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New-build estate boarded up and abandoned after cash row from 'council delays'

A stalemate between Cornwall Council and a developer has left a new-build estate of around 33 homes in Calstock, Cornwall, boarded up and left empty.

New homes are boarded at Bridge view Calstock, Cornwall because of a planning stalemate between Cornwall Council and the developers. Photo released March 20 2024. A newly built housing estate has been deserted and left boarded up amid a planning row. Pictures show 33 homes on the plot in Calstock, Cornwall, left abandoned after the developer's costs snowballed out of control. It's claimed the council delays resulted in the firm accumulating £1.2 million in interest payments and can no longer afford to continue the work. Homes on the site have been boarded up and left. It's believed the development could be handed over to the lender.
A newly built housing estate has been deserted and left boarded up amid a planning row. (SWNS)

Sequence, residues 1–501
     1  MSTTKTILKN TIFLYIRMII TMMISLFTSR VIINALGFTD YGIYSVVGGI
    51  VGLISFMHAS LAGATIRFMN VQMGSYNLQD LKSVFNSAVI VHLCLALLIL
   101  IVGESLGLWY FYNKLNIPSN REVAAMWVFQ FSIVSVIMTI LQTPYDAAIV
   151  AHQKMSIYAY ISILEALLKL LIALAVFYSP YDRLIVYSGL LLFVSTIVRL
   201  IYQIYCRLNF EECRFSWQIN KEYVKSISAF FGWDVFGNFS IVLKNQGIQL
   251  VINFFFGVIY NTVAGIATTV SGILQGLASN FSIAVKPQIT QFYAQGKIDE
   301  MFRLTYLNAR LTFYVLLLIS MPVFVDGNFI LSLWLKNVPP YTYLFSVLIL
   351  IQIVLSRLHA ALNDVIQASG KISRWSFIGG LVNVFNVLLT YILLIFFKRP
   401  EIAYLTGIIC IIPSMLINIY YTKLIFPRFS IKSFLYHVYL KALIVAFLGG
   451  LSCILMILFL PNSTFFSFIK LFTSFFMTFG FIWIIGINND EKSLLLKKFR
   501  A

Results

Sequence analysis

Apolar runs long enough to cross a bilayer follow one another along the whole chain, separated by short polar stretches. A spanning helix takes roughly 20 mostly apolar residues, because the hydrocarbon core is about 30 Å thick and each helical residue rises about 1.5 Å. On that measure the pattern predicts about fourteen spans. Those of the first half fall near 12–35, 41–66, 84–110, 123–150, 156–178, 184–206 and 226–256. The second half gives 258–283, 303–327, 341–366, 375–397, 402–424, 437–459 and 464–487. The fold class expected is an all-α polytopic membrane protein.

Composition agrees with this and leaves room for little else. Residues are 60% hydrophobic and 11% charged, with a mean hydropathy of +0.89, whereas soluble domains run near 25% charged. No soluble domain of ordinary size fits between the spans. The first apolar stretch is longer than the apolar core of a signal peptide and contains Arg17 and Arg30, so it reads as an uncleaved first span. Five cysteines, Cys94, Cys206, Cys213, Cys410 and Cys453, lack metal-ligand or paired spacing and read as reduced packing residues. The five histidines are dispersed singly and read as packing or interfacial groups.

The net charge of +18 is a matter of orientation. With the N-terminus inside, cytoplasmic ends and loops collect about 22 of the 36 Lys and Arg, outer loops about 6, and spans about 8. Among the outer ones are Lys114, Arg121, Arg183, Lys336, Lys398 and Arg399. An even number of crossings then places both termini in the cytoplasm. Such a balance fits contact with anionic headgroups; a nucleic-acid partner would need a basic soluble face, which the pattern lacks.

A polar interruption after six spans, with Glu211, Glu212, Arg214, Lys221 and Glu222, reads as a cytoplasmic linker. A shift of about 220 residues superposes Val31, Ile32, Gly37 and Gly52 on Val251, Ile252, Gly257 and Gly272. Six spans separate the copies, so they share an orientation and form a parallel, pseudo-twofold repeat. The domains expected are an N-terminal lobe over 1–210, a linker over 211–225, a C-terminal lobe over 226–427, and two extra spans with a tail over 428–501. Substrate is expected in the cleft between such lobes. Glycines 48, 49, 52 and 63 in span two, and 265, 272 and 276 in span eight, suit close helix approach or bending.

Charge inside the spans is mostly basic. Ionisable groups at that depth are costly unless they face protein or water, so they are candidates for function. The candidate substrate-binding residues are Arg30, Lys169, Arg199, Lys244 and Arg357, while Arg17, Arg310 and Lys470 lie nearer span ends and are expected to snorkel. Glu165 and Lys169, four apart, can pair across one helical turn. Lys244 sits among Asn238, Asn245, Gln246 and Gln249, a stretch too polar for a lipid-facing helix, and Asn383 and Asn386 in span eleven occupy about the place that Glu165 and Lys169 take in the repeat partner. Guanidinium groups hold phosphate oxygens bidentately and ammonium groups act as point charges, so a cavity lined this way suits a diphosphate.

A newly built housing estate has been deserted and left boarded up amid a planning row that has resulted in a stalemate between the developer and the local council.

Some 33 homes have been left abandoned after the developer's costs snowballed out of control - a situation it blamed on council delays. The homes in Calstock, Cornwall, have now been left boarded up and empty.

The developer, Bridge View, has accused Cornwall Council of "weaponising" legal agreements by adding additional requirements. It said delays caused by the council had led to Bridge View accumulating £1.2m in interest payments and no longer able to afford to finish the development.

Director Michael Wight told the BBC that extra requirements added to the plans, including a second road and a £750,000 retaining wall, had "eroded" the developer's budget.

Cornwall Council said it was committed to working with developers but issues had been "ongoing for several years" and it had to adhere to planning policy."